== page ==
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Holy Smokes! BATMAN Tests Google Glass for the U.S. Military

Hopefully the Joker hasn't offended the U.S. Air Force lately.
Google Glass Batman
Richard Eldridge / 711 Human Performance Wing, U.S. Air Force

BATMAN is working for the U.S. Air Force and could make Google Glass a regular wartime accessory.

No, Bruce Wayne has not enlisted. BATMAN stands for Battlefield Air Targeting Man-Aided (K)nowledge, a research program based at the Wright-Patterson Air Force Base in Ohio. Its overarching goal is to make U.S. soldiers a little more like superheroes.

Google Glass Batman
Richard Eldridge / 711 Human Performance Wing, U.S. Air Force

“It was commissioned to build advanced wearable technologies in a wearable ensemble, so in essence, we are building a Batman suit to improve effectiveness in the battlefield,” Gregory Burnett, chief engineer for BATMAN, told NBC News.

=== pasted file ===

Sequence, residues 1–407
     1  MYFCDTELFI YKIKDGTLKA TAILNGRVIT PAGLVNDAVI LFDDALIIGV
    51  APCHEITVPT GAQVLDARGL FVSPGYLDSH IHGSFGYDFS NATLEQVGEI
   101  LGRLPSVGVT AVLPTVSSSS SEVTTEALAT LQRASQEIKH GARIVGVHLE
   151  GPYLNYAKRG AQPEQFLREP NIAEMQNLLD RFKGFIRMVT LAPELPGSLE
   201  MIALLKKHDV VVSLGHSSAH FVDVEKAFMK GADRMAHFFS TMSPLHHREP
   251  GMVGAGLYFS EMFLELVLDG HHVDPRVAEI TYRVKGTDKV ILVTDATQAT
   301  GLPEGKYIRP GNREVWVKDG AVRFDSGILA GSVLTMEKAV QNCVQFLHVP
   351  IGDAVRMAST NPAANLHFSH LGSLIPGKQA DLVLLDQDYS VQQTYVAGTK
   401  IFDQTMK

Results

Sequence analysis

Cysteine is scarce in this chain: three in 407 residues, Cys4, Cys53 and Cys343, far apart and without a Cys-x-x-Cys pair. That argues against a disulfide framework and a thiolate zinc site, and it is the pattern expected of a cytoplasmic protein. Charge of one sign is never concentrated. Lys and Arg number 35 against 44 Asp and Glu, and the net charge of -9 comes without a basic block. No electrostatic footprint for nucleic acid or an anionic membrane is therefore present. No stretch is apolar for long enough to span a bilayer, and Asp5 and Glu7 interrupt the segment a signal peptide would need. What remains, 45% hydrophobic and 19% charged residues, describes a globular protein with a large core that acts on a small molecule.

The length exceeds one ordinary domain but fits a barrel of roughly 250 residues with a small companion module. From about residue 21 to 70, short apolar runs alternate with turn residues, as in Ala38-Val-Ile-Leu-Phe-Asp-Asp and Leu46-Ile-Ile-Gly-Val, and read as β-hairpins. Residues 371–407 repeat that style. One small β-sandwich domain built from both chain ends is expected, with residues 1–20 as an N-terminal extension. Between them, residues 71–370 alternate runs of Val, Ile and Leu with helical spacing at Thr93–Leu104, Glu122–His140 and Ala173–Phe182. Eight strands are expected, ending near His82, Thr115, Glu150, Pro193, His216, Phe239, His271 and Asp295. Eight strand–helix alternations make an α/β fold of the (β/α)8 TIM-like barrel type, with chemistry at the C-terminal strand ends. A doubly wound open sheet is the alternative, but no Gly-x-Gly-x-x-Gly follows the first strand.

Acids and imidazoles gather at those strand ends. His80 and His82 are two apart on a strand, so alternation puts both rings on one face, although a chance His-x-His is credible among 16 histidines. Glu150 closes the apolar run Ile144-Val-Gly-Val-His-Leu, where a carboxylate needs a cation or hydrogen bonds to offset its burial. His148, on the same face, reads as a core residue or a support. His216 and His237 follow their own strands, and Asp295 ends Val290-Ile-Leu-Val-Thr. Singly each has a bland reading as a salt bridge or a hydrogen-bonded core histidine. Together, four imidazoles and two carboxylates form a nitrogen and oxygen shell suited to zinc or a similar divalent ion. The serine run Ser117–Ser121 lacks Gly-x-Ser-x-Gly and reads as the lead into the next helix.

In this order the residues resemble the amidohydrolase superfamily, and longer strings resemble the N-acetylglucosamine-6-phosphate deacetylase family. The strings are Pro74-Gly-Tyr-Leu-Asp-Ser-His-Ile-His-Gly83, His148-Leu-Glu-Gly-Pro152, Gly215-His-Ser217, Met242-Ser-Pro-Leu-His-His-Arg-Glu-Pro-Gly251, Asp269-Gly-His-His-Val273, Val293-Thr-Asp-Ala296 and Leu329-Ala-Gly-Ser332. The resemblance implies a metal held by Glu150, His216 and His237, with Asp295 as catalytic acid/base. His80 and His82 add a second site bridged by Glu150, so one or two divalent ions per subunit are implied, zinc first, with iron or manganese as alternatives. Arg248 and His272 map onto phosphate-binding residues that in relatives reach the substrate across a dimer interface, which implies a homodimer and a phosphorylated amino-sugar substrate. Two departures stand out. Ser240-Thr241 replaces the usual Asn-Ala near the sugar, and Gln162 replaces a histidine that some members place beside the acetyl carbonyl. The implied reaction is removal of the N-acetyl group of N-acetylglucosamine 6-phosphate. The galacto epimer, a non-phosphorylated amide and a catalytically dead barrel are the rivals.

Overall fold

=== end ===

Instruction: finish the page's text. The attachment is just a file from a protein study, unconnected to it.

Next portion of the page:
His 13-man team is focusing on Google Glass. They purchased two pairs of the wearable computer through the Glass Explorer program, just like a civilian would, and have been researching the potential and pitfalls of the technology since last May.

Why does the U.S. Air Force need Google Glass?

The military branch’s Pararescue Jumpers (PJs) are often the first medical workers to attend to injured soldiers, Andres Calvo, a software development engineer with BATMAN, told NBC News.

Keeping track of multiple patients in the field is tough. Google Glass, paired with Android smartphones and tablets, could be used to help PJs treat minor injuries while keeping an eye on the vitals of patients in critical condition, Calvo said.

Another potential scenario: Soldiers on the ground could get live video feeds from unmanned aerial vehicles (UAVs, also known as drones), giving them a bird’s-eye view of the battlefield while on the ground.

Before Google Glass sees action, BATMAN needs to make sure that soldiers are not distracted by their displays while doing things like walking and driving.

The research is being shared with other military research teams, with the goal of creating an "integrated heads-up augmented reality" system that members of the U.S. Air Force, Navy and Army could all use.

The military is looking to "aggressively push it out on the field," Burnett said, meaning it probably won't be too long until U.S. soldiers are sporting high-tech specs.